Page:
|Forum topic by Cortland||posted 12-05-2009 03:46 AM||6821 views||2 times favorited||37 replies|
12-05-2009 03:46 AM
Was able to snag this much neglected, vintage band saw for FREE! Everything except for a sloppy metallic green spray job was original and complete. All major parts were fine, it just needed a really good cleaning. Found two cracked parts from over-tightened set screws, the metal guide blocks and all bearings were originals. The 1/3-HP Kingston-Conley motor is from that era, and may also be original—it was completely impacted with gummy sawdust, but cleaned up beautifully and once again hums like new.
Sandblasting the rust and old paint ran $75 but I managed to get most everything else on sale: tires, link belt, cool blocks, blades, Woodcraft mobile base, upper guide bracket, two guide bearings, and all new wiring into a MLCS safety switch. On the OWWM web site I found a 1935 Delta catalog, as well as a high-resolution jpeg of my original Delta decal that I duplicated with a color laser printer on water-slide decal paper.
A very helpful technician at my local Delta/Dewalt Service Center had the foresight to rescue several very rare full-line Delta catalogs from the 1930s after someone there had thrown them out. I begged him to digitize them and post them on the OWWM web site.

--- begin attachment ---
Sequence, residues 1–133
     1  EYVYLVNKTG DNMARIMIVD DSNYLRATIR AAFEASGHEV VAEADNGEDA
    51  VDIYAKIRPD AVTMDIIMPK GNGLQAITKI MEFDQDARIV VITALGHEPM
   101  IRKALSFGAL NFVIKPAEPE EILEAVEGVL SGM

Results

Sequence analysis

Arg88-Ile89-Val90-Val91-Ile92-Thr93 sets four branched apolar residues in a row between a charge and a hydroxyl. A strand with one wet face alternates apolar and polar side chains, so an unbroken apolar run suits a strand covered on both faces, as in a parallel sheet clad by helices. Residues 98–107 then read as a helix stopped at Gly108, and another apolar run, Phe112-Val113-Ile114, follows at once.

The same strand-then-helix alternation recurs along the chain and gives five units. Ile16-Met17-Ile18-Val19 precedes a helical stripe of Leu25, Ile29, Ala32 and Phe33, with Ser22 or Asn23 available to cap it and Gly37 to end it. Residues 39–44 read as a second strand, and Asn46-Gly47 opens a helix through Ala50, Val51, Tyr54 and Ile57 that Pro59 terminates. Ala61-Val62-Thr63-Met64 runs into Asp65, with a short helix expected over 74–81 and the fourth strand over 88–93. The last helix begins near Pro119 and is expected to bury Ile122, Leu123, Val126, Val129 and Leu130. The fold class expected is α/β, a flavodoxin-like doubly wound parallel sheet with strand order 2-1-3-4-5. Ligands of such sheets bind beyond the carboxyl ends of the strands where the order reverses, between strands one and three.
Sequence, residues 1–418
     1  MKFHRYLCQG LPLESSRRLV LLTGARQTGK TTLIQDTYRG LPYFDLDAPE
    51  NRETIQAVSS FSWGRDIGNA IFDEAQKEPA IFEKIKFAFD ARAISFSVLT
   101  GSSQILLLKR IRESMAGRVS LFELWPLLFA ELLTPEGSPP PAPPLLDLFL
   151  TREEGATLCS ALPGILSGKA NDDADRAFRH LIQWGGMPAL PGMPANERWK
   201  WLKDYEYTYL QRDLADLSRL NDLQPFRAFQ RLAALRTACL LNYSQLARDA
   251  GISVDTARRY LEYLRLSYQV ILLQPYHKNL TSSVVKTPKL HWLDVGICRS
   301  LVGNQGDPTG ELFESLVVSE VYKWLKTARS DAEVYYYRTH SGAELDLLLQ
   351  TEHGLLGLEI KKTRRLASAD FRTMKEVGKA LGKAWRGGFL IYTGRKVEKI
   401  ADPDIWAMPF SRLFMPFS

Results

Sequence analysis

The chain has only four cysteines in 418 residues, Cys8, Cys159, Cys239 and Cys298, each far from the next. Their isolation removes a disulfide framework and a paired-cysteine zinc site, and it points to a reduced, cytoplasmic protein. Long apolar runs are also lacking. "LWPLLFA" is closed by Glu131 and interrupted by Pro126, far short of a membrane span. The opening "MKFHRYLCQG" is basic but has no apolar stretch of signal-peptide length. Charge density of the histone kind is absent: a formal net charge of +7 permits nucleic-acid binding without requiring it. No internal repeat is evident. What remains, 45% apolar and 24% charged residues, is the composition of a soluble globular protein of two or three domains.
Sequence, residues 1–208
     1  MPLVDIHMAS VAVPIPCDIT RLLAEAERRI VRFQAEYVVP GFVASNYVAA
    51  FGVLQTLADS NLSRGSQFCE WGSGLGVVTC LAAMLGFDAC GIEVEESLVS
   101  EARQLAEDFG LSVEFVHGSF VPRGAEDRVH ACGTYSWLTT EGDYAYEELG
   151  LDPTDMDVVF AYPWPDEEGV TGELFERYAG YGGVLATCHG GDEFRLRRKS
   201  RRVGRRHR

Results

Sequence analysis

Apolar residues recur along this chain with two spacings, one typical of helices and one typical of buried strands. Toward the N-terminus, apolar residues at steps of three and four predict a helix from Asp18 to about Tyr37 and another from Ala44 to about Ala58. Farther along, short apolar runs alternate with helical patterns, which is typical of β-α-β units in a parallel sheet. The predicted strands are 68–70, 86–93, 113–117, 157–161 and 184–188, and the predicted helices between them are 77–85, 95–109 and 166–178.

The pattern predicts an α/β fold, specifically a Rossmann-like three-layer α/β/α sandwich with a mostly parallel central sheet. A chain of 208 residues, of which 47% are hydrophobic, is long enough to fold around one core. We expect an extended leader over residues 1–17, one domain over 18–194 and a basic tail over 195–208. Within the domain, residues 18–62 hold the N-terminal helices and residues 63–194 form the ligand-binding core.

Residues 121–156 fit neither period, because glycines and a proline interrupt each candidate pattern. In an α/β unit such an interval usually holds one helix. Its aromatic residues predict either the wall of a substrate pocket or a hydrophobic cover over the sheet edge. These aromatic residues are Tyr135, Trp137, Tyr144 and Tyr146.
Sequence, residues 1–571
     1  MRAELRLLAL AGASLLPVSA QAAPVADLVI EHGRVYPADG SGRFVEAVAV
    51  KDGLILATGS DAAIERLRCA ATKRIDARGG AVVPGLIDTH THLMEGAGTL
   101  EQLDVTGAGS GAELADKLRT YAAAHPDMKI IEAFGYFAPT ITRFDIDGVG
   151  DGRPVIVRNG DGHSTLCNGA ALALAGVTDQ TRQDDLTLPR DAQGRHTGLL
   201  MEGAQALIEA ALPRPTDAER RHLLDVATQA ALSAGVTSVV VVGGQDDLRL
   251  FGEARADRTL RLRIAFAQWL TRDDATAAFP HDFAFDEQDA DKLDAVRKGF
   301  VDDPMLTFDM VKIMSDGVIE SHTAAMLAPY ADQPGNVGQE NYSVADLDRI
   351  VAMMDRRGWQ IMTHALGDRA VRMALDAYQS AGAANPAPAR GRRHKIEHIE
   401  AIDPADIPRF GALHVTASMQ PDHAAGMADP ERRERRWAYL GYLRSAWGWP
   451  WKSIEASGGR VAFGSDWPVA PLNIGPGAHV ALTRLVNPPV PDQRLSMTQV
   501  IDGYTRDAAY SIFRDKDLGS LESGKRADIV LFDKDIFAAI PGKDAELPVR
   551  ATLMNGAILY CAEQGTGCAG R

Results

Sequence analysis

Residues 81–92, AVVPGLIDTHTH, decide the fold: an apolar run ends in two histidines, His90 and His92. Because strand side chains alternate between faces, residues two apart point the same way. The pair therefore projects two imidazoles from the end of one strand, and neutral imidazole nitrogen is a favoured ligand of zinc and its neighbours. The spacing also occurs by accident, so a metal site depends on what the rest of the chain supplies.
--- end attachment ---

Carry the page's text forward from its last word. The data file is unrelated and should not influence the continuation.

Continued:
After much researching I still can’t definitively date my saw, but the old catalogs verified that the 14” band saw debuted in 1934 and only the ’34, ‘35’ and ’36 models sported the distinctive ribs on the covers. Component parts seem to be identical during this three year period, and apparently Delta didn’t use serial numbers at that time.
The 1935 price for this saw was $43.85, the steel stand was $6.85, lamp attachment $1.50, v-belt and pulley $1.45, and a Delta brand 1/3-HP electric motor was an additional $18.95—original total, a whopping $72.15.
My restoration, including the addition of a modern mobile base and safety power switch was about $340. Hope to be in half as good shape when I’m turning 75!